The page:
As part of the FCC’s 5.9 GHz order, the Commission also issued a Further Notice of Proposed Rulemaking (FNPRM) focused on outstanding considerations in the remaining 30 MHz of V2X spectrum. ITS America filed comments and reply comments in this process, specifically focusing on three priority issues: (1) preventing harmful interference from degrading the ability of the remaining 30 MHz to function properly for V2X communications, (2) establishing a reimbursement mechanism for stranded V2X deployments and incumbent licensees, and (3) calling on the FCC to identify additional spectrum for V2X communications outside of the 5.9 GHz band. 

The future of V2X working group published a 30 MHz Application Map identifying which V2X message types and applications would likely be deployed in a reduced spectrum environment and which would not; the working group presented its initial map on this webinar. In developing the Application Map, the working group evaluated spectrum requirements, safety impacts, and stakeholder priorities for a multitude of V2X applications. The working group identified the need to work with an external researcher to test the assumptions and conclusions made in the Application Map, developed a problem statement and description of the research project, and selected a researcher to complete the project.  Working group members have further refined the scope through discussion with the researcher, and the research is expected to be completed in 2022. 

 At the request of Members of Congress, the Government Accountability Office (GAO) is currently undertaking an analysis of the impact of the FCC’s 5.9 GHz rulemaking on V2X technologies. GAO requested an interview with ITS America to help inform their analysis, and ITS America staff, leadership of the V2X and Connected Transportation Committee, and select ITS America members met with GAO officials in July to discuss V2X issues and the 5.9 GHz rulemaking. We expect GAO will likely release its report in Spring 2022.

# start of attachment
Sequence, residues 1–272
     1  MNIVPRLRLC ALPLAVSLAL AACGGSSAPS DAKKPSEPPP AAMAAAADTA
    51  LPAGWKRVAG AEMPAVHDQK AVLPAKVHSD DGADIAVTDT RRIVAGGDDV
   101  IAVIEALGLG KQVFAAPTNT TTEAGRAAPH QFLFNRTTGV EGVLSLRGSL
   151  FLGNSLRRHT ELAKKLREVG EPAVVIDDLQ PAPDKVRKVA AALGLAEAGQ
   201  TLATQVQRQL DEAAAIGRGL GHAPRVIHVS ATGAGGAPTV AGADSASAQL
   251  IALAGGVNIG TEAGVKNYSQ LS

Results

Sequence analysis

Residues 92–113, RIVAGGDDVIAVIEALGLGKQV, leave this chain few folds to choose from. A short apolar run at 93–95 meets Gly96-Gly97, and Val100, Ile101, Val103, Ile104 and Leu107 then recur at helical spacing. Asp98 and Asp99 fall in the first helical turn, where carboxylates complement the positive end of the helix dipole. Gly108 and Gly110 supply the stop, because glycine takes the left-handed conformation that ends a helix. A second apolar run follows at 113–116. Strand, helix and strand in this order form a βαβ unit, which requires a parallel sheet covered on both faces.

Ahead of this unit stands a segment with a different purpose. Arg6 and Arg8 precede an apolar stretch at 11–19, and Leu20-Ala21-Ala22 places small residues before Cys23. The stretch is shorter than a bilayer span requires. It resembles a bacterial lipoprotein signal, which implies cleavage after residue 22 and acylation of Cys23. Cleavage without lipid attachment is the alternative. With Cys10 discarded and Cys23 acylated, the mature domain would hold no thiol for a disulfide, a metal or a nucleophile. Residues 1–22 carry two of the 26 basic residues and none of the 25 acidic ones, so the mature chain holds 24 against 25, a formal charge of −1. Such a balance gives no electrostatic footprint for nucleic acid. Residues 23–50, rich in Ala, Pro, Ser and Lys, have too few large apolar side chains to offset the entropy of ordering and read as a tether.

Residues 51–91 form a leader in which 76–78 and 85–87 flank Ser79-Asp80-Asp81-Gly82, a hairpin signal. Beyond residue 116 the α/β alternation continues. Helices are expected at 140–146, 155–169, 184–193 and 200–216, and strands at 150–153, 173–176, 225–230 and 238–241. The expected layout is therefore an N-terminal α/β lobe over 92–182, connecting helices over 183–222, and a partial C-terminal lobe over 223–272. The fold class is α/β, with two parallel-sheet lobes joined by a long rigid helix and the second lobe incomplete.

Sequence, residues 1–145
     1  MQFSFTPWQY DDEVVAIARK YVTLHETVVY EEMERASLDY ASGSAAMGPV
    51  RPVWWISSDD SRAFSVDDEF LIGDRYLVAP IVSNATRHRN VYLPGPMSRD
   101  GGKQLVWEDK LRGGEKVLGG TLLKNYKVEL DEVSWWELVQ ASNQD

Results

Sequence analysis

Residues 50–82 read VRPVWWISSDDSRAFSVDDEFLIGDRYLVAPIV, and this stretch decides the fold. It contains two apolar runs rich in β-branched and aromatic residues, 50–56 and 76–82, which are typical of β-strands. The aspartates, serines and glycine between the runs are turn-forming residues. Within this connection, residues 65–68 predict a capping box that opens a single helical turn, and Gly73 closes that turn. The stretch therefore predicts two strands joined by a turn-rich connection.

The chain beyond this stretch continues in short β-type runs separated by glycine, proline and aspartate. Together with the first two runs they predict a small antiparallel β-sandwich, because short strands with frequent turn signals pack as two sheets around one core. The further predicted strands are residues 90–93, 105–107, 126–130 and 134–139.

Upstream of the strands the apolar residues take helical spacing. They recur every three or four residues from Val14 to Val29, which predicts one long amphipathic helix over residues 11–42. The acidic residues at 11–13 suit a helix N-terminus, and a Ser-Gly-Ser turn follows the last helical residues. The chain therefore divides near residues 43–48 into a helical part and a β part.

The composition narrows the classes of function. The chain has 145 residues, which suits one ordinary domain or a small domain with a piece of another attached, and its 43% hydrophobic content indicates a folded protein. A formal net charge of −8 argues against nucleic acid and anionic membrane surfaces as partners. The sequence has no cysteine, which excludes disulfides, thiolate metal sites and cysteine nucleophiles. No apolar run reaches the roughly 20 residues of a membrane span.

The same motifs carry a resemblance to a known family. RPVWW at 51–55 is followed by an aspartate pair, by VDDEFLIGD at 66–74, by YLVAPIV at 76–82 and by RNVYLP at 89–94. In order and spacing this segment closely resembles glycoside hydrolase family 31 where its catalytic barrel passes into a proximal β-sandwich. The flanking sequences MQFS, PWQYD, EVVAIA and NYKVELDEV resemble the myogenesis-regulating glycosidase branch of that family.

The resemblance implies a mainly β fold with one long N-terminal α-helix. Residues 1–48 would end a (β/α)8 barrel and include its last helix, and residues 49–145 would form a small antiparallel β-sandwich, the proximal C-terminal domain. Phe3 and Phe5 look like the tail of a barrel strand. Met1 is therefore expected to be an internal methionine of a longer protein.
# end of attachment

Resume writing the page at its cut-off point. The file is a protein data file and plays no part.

Continuing to Engage and Educate the ITS Community

In partnership with USDOT, ITS America’s technical staff continued to engage with ITS stakeholders through a variety of webinars, virtual events, technical trainings, and peer exchanges. This included two five-part webinar series on the Complete-Trip ITS4US Deployment Program, a two-part webinar series which highlighted the ITS JPO’s Artificial Intelligence for ITS Program, and webinars focused on the Connected Vehicle Pilot Deployment Program.

Education and outreach were once again a key focus in 2021. ITS America launched a new program in the fall – the UTC Guest Speaker Series, which is sponsored by USDOT and aims to connect transportation leaders and innovators with university and college students. Presented in a panel format, these sessions allow speakers to discuss the cutting-edge technologies that are being developed and deployed to improve the safety and efficiency of the transportation system, highlight their challenges and successes in the field, and share recommendations on how to better prepare for entering the transportation workforce.

We continued to support the ITS Professional Capacity Building Program by offering virtual courses to our state chapters. The goal of these sessions is to enable professionals in the state, local, public, and private sectors the opportunity to access free training on topics such as cybersecurity, improving highway safety with ITS, and ITS procurement. We also conducted research and prepared a report on opportunities for creating and/or expanding ITS student groups and promoting careers in ITS. Highlights of these efforts include:

  • Organized, hosted, and facilitated 15 virtual events which reached more than 2,500 ITS stakeholders;
  • Planned, facilitated, and delivered 11 virtual trainings to ITS America State Chapters across the country, reaching more than 500 ITS professionals; and
  • Organized, hosted, and facilitated inaugural session of the UTC Guest Speaker in October which focused on automated vehicles and reached more than 100 students.

Focusing Research Efforts on Emerging Mobility Trends

ITS America’s technical staff developed a range of technical publications, presentations, and technical insights to inform staff, members, and others in the industry about emerging topics in mobility and associated lessons-learned and future-facing considerations. We produced and published the first three issues of ITS Insider, with the final issue set to be released in mid-December. This year’s issues focused on Contactless Payment; Vehicle-to-Grid; Urban Air Mobility; and Complete Streets (coming soon).